There was a rough sound within; she could not decide whether it was a guttural grunt or the sound of something being moved. Then Martin’s voice, decisive: "Don't open that door!”

    The door was locked, anyway. She had tried it, surreptitiously, about an hour after he’d bolted himself inside. Her eyes went to the clock, then back to the door. She gathered herself up, stood. Cold, emptied; even the fear was starting to drain from her pocket. She pressed a palm against the wood of the door, knowing he could not hear her, could not feel it.

    “I’m going, then,” she said, finally. Her suitcase was already in the front hall. If she didn’t leave now, even the late train would be gone. She picked her jacket up and put it on, zipping it up loudly, so he would hear. No response, even as her footsteps echoed down the long hallway.

    Behind the locked door, heard by no one outside it, came the sound of something being sharpened.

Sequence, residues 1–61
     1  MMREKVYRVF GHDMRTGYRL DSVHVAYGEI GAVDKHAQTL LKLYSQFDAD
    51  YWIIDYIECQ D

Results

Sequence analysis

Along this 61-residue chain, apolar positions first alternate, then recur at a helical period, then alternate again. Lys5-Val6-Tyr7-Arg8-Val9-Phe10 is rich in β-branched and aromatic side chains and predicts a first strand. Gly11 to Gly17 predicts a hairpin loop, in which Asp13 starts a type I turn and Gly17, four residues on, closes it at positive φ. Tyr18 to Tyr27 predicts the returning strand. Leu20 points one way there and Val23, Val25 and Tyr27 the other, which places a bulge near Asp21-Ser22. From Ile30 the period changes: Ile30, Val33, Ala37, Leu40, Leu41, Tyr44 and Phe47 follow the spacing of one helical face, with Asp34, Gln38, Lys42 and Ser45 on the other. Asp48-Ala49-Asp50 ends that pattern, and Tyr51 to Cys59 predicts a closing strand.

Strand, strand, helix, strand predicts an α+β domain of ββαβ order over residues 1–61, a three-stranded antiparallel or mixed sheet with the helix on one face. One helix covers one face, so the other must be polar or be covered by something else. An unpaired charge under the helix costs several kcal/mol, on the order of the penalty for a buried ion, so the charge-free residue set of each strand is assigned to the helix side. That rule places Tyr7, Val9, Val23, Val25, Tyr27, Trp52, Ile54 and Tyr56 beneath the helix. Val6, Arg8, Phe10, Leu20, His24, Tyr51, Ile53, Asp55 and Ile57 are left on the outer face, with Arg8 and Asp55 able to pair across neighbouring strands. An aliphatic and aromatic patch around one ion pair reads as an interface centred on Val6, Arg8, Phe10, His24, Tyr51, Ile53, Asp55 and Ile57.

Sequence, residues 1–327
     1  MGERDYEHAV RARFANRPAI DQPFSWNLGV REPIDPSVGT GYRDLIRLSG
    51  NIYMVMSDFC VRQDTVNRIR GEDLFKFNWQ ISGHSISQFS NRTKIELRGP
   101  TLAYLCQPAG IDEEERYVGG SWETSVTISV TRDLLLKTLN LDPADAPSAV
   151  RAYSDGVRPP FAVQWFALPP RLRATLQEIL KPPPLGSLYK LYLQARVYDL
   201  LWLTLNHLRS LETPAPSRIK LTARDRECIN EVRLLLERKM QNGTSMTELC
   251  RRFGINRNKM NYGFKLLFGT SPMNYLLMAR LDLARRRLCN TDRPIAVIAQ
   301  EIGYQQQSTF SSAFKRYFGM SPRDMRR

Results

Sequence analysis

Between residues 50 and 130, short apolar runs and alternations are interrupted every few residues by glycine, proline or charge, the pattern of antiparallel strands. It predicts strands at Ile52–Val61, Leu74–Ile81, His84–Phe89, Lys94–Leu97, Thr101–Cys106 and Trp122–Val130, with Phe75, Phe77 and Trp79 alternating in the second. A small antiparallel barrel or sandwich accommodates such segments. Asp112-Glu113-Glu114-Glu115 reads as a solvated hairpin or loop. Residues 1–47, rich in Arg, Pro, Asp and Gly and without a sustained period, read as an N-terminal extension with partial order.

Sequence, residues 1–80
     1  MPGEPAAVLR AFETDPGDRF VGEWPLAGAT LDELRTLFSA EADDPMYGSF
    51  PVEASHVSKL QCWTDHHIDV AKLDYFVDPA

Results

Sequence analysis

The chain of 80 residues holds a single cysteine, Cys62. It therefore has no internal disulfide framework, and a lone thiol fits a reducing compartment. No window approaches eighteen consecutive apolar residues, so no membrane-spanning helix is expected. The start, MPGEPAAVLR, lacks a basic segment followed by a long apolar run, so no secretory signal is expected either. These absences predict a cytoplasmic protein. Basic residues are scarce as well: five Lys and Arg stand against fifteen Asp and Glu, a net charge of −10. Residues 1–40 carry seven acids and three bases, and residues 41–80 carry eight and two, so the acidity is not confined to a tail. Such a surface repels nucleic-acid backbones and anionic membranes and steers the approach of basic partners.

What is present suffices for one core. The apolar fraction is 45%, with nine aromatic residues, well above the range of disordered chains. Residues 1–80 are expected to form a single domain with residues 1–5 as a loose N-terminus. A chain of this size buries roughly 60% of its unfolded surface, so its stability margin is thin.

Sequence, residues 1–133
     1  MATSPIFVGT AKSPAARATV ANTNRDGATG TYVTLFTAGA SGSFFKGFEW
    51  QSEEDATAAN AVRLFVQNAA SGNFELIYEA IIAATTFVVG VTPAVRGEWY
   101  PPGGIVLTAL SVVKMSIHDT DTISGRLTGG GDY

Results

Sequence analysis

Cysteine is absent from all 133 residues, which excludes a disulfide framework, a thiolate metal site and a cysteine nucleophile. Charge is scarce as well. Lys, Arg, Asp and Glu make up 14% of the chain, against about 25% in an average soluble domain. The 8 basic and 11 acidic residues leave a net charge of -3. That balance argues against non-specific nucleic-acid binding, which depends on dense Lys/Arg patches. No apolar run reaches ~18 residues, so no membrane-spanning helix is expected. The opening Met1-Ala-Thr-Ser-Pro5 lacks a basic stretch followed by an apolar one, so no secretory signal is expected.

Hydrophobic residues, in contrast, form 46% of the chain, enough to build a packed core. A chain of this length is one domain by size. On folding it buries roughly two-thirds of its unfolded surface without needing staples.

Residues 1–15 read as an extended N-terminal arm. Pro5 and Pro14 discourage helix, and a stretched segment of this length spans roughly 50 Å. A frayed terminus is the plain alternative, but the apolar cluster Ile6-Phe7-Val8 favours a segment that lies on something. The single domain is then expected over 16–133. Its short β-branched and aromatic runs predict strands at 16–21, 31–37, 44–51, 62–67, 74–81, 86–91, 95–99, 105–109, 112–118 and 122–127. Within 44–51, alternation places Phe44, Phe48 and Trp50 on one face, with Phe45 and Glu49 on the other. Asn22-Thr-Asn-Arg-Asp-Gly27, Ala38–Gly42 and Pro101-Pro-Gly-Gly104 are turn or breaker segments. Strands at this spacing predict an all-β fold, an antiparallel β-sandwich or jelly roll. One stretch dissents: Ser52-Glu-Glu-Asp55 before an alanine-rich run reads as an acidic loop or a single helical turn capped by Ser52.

10. Amberlee Dawn
    300 words

    “Don’t open that door!” A vase teetered as Tanya stormed past.

    “What?” I frowned, my hand still on the knob. The vase cascaded to the floor in a glazed torrent.

    “Crap. Another thing for Mom to be pissed about.” She glared at me.

    “What?” I shrugged. “I was over here.”

    “Don’t you ‘what’ me!” Her eyes tried stabbing me. “I did not come in here at 3 am to help you with your stupid invitations just so you could traipse off and leave me here to do your work for you.”

    “What?” It seemed to be my word for the moment. “I’m hungry. I’ve been working on these for hours. You could have postponed your desperate heart-to-Skype about the ways America has failed you. Perhaps flashed your fiction a little earlier in the evening? Or would that have damaged your writer’s psyche?” I turned to grab some paper so I could scoop the shards off the floor.